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Smart factories, the Internet of Things, artificial intelligence: industrial manufacturing is heading towards the fourth revolution or Industry 4.0. Digitisation and automation are becoming ever more important – also in the areas of service and maintenance. Which is why XERVON Instandhaltung, XERVON’s maintenance specialists, is adding forward-looking technologies to its portfolio of services. Its goal: to save time and money and further improve quality and safety by optimising processes.
Just as is the case with manufacturing, there have been a number of fundamental innovations in the maintenance sector that make it possible to further improve processes and advance the industry. Digitisation has provided the basis for this progress. The next stage is for companies to adapt these new processes and tools to their customers’ and their own individual requirements so they can be added to their portfolio.
XERVON Instandhaltung specialises in servicing, maintaining and overhauling production facilities and plant components.
XERVON Instandhaltung has been focusing on new technologies that primarily benefit their customers. Digital solutions, new communication systems and web-based processes all play a central role here.
Maintenance projects are often complex and time sensitive
No matter how big or how small a maintenance project may be, it is always complex – often with very tight schedules, a large number of people involved and many interconnected tasks. Just how successful such projects are often depends on how quickly information can be passed on. Mobile communication devices such as smartphones, tablets and laptops have been in use for a long while now. XERVON Instandhaltung recently began testing smart glasses as it believes they can offer some additional benefits. As these glasses transmit information via audio and video stream, the operatives can send images from wherever they are working in real time. Any questions they may have can be quickly clarified by talking to their colleagues and/or their client. A further advantage: as this is wearable technology, the employees have both hands free to do their work while communicating with their colleagues.
Thanks to smart glasses, sound and images can be transmitted straight from the workplace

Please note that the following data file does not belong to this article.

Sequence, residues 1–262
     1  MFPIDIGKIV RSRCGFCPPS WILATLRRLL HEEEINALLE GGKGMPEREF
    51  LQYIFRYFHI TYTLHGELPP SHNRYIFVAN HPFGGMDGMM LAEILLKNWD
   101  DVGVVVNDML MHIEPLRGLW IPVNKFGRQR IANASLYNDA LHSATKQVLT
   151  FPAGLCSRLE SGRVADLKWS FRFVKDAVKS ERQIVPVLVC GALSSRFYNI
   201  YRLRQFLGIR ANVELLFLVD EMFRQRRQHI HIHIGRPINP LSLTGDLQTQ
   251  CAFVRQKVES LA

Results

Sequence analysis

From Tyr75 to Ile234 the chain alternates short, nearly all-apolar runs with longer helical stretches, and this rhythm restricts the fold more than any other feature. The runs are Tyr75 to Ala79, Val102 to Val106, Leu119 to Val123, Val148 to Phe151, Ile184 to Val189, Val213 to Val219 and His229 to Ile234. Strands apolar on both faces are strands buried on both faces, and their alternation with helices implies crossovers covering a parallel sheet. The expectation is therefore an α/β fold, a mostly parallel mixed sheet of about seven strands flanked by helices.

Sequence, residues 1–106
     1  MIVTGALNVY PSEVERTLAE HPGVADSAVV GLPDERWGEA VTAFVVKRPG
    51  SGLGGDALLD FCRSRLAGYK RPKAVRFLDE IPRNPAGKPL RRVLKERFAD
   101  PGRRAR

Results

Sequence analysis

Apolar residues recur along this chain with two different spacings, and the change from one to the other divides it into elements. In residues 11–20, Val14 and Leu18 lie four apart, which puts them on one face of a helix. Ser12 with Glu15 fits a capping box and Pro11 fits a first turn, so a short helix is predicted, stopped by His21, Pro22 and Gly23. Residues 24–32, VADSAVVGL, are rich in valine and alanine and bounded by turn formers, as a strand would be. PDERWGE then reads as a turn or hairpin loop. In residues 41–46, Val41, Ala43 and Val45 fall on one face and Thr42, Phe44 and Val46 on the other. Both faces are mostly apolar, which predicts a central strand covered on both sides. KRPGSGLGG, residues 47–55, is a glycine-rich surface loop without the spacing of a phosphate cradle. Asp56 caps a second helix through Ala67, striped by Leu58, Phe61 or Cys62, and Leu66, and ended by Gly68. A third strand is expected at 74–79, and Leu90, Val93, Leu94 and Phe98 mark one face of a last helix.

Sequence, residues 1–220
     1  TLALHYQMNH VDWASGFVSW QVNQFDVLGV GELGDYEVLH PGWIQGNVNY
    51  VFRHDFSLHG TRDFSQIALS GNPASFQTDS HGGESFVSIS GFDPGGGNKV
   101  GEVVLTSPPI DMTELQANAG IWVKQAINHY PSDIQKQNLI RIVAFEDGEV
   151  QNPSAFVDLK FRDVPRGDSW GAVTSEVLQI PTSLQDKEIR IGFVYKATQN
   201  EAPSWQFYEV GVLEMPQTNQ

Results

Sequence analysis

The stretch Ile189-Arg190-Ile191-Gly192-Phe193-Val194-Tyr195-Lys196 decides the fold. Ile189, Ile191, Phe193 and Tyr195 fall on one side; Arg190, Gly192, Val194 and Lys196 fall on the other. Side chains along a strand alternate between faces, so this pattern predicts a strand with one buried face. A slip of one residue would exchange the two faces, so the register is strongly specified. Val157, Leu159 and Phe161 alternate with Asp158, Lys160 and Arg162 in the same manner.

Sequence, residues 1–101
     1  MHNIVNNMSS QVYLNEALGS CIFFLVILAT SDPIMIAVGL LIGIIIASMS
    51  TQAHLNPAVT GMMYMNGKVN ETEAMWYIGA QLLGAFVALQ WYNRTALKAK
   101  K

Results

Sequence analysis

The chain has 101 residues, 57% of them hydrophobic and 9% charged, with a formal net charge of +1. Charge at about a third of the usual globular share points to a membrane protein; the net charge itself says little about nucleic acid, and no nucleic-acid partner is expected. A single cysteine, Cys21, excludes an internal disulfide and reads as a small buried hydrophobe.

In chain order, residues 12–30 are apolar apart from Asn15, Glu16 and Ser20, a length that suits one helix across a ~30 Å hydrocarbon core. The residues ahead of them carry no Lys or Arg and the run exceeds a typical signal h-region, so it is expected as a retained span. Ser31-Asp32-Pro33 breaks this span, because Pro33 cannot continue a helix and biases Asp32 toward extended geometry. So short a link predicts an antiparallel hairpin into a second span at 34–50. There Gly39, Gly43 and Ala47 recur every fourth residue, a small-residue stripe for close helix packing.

Maintenance projects involve a chain of processes, with each stage needing a number of different tasks. In the past, the employees had to make their way back to a central point to pass on the information that their work had been completed. Nowadays, XERVON Instandhaltung’s operatives can use digital devices to provide feedback from wherever they may be. This, of course, saves time as they no longer need to walk to the central point. Instead, the completed tasks are fed into the system and everyone involved in the project can access this information immediately. The result: shorter reaction times.
Real-time communication allows questions to be clarified quickly
XERVON Instandhaltung has an extensive range of high-performance equipment. Digital solutions are used here, too, to ensure these technical resources are managed efficiently as well as to coordinate their use. What’s more, the company is also looking at the possibility of using sensor technology, RFID, chips and barcodes. It could make good business sense to use these modern ID systems for inspections and tracking machine parts. If, for example, a facility or parts of facility have to be dismantled so that a number of tasks can be carried out, then ID technology could show exactly where the individual parts were and how far the work had progressed. In addition, it could further improve the interfaces used for everyday tasks so that less time is needed to carry out chains of services.
“Unlike industrial robotics, our sector requires robots that are very mobile. Indeed they must be as mobile as a human being to be able to perform work at height. Development has only just begun here.”
Thomas Kramel, Managing Director of XERVON Instandhaltung
XERVON Instandhaltung is also making the most of digital tools for staff recruitment and development. The goal here is to find managers and specialists, to train them and to enable them to use new technologies. This, of course, involves knowledge management, documenting the experience and know-how gained and making it available to as many people in the organisation as possible.
XERVON’s portfolio of digital services includes tasks such as condition monitoring.
And what about robots? Thomas Kramel, managing director of XERVON Instandhaltung, said: “Unlike industrial robotics, our sector requires robots that are very mobile. Indeed they must be as mobile as a human being to be able to perform work at height. Development has only just begun here.” Like Industry 4.0, tomorrow’s maintenance is a future project that has only just started. How fast it will progress will, in part, depend on what advances are made in general technology.